What I learned from two great chefs and great bosses

Everything I do for organization myself and what I teach my clients is based on one very simple principle: Make it easier! Any structure that is complicated and cumbersome is not going work. It has to be simple, easy to follow, and yield tangible results. As I’ve worked to simplify things in my life I’ve always had two voices in my head from my days as a chef.

I started my fine dining career at Il Capriccio in Waltham. (Still a great restaurant. Get there if you are local and haven’t been.) Rich Baron is the chef and co-owner. He’s a great guy and a talented chef. I started there on garde manger (salads and apps) when I was on externship from culinary school. He wanted me to stay. I wanted to go back and finish school. We struck a wonderful compromise that I would stay for a year. I owe him a lot for that opportunity, for his seeing something in me, and for many other things. Anyway, when I moved from garde manger to the “hot line” when I decide to stay for the year, Richie pulled me aside before my first night on the grill and and said, “Kid, we get good ingredients. Don’t fuck them up.”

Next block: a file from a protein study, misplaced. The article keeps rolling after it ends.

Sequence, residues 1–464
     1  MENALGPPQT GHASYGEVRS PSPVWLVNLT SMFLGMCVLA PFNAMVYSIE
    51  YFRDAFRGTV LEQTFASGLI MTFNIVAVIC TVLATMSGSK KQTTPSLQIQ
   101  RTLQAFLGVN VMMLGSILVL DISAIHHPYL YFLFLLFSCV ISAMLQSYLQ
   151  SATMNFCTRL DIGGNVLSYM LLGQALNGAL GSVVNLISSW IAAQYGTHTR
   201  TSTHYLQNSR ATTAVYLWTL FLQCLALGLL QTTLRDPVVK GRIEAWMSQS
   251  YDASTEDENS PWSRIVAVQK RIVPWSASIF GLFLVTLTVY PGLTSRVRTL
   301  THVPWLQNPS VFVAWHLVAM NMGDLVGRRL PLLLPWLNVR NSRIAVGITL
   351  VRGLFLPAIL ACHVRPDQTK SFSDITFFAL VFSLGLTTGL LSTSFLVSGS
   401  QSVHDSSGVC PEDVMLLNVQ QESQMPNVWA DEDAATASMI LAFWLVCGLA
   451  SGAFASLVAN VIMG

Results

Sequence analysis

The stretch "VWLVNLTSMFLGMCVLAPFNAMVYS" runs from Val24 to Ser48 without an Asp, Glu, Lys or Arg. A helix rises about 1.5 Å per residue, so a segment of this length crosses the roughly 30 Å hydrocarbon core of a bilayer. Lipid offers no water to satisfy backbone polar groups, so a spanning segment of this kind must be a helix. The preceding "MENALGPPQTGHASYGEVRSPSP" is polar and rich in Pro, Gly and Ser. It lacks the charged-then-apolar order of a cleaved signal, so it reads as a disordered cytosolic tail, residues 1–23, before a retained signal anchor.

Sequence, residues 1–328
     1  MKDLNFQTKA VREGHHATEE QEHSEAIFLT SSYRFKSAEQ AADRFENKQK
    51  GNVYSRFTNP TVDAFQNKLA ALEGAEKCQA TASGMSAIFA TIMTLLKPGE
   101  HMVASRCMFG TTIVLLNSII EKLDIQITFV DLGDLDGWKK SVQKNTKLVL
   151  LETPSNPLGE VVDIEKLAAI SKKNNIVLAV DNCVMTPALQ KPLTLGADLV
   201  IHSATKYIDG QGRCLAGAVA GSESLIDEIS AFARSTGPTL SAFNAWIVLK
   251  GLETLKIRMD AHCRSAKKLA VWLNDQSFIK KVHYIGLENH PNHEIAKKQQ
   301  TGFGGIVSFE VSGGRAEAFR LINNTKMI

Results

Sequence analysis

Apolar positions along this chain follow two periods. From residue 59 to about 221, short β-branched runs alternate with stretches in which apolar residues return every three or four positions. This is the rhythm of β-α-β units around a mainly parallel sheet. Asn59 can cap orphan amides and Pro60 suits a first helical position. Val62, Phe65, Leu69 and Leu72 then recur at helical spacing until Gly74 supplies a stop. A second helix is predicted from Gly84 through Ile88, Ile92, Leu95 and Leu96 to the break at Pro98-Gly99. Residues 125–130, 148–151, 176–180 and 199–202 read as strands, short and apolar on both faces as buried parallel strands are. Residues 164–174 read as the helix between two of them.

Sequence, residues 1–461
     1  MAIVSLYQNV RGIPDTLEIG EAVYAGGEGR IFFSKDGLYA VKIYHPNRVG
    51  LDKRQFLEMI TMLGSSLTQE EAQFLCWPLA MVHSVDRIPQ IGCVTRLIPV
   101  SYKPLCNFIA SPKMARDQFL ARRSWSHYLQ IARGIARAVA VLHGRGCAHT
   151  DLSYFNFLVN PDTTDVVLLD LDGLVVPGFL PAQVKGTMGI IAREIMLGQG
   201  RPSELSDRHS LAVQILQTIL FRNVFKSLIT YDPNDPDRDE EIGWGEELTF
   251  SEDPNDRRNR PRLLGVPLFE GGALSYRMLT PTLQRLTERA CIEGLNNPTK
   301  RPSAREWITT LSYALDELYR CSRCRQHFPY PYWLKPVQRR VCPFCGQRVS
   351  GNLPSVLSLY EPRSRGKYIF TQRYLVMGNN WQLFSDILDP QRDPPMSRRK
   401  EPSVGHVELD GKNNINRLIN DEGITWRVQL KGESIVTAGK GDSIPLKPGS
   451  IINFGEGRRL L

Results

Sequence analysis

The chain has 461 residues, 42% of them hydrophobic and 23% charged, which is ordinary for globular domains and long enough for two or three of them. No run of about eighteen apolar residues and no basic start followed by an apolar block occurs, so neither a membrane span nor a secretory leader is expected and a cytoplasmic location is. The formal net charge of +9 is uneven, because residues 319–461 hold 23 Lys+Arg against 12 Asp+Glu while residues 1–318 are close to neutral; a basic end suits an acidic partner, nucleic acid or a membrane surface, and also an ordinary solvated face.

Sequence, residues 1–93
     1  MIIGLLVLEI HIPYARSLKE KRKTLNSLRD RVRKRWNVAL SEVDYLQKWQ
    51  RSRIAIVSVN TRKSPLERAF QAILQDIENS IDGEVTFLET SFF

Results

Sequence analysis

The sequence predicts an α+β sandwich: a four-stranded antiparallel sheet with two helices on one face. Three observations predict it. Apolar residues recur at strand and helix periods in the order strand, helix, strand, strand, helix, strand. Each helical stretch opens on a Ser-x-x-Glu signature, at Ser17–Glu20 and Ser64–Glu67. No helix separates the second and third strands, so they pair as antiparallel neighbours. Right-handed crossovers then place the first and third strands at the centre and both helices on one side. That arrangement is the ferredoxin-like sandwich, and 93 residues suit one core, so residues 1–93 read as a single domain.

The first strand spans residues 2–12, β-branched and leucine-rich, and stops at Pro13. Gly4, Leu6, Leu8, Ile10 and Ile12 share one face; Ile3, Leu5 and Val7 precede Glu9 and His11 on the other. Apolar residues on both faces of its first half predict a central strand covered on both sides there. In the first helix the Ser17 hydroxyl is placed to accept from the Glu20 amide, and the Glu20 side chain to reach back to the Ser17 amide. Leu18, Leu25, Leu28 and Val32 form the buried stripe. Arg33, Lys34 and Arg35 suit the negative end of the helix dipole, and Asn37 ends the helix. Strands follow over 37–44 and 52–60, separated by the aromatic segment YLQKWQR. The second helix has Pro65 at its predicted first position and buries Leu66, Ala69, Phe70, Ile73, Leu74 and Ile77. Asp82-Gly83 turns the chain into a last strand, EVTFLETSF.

As glib as that advice/guidance may seem, it gets to the heart of why I devoted my culinary career to authentic Italian food. All the technique in the world can’t compensate for inadequate raw materials. And, when your starting point is great raw materials, you don’t have to work so hard to make them shine.

The other voice in my head is that of Adam Halberg, the Chef d’ Cuisine at Via Matter when I was a cook then Sous Chef there. Again, I owe him a lot. He, Richie, and Carmel Quagliata were my three most important influences as a young chef. (I’ll write about Carmen on another day.) I’m very lucky to have been a sous chef under Adam. He wasn’t just concerned in helping me move forward in terms of my ability with the food. He really focused on teaching me how to manage people. What I learned from him has helped me be a better chef, parent, coach, etc. 

But the thing that is cogent to this post is what he said to me once when he was reflecting on the difference between Italian food and French food. “If a dish ins’t right, an French chef will ask, ‘what can I add to make this better?’ In the same situation and Italian chef will ask, ‘what can I take out to make this dish better?'” (Of course this is a bit of an overgeneralization, but there is a lot of truth in it.) Perhaps that’s why I’ve always been drawn to Italian food. 

But that certainly is a sentiment that I hold to be true in the rest of my life. If something isn’t right or a system isn’t working for me, I always ask, “How can I make this easier?” It totally works!

Standard disclaimer: I don’t edit much if at all. This is a deal I have made with myself. It keeps me from being frozen in the metaphorical carbonite of perfectionism or falling into the “Sarlacc” of avoidance behavior. A new post done is always better than a perfect post undone.

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